At the mine, a Caterpillar loader dumps a raw mix of sand into a JCI 6 x 20 wet screen, which sends selected material along to a McLanahan separator. Separated-out material then enters a McLanahan flat-bottom classifier, which channels the slurry into a VD18 dewatering screen. The screen produces a stackable frac sand of 20 to 50 mesh size. The entire process takes five minutes.

Finer material that was de-selected is captured in a separate ultra-fine recovery process. This second filtering greatly reduces the volume of material that otherwise would end up in a slurry pond – thus enhancing the pond’s utility.

Four people run the entire operation, and a fifth is tasked with quality control. R.B. Scott Co. of Eau Claire supplied the equipment.

To process the sand, Barton executives settled on 20 acres located 25 miles south of Grantsburg in North Branch, Minn., at the southern terminus of the St. Croix Valley Railroad. The proximity to the railroad was a key consideration.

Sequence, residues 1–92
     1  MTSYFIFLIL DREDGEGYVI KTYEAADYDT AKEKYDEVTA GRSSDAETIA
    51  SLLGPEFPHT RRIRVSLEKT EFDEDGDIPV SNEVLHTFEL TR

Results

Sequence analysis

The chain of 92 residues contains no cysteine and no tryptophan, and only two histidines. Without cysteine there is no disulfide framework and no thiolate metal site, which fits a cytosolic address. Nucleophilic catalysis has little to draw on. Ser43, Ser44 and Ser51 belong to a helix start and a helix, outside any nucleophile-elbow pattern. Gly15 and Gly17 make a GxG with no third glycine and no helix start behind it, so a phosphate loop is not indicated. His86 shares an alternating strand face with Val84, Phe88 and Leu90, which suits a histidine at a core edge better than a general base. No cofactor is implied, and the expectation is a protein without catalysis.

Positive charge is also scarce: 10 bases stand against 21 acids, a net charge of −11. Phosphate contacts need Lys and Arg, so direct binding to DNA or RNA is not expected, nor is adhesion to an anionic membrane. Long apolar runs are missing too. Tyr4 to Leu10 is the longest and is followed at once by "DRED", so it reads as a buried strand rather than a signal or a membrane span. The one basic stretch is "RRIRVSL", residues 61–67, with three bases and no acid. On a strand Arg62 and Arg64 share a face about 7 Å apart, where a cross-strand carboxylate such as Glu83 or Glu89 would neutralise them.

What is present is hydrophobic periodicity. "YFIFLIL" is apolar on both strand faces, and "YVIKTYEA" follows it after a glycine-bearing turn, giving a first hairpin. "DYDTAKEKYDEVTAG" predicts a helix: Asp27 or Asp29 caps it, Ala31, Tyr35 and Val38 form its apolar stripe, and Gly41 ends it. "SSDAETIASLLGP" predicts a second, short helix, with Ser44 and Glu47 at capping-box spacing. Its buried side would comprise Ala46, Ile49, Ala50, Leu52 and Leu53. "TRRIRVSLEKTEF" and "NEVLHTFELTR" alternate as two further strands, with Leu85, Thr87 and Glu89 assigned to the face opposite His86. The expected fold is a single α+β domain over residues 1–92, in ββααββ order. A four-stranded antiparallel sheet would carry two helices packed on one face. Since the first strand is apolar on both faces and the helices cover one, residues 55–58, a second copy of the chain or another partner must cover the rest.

The shortline railroad operates on track formerly owned by Burlington Northern Santa Fe Railway and connects with BNSF main lines. This means Barton’s processed sand can be loaded at the plant for direct shipping south, east and west to America’s oil and gas fracking hot spots.

State of the art
Barton began to turn the nearly empty site into a state-of-the-art sand processing plant. The engineering firm M.A. Bielski & Associates, Chanhassen, Minn., designed a 90-ft.-high screening building, positioned the plant’s waste and storage silos, and sited three railroad track spurs for railcars.

The rest of the engineering – and all of the electrical wiring – was completed in house. Tiller employees were pulled as needed from its other divisions, including Todd Laubis, vice president of Tiller’s asphalt operations, who was instrumental in development of the industrial sand plant.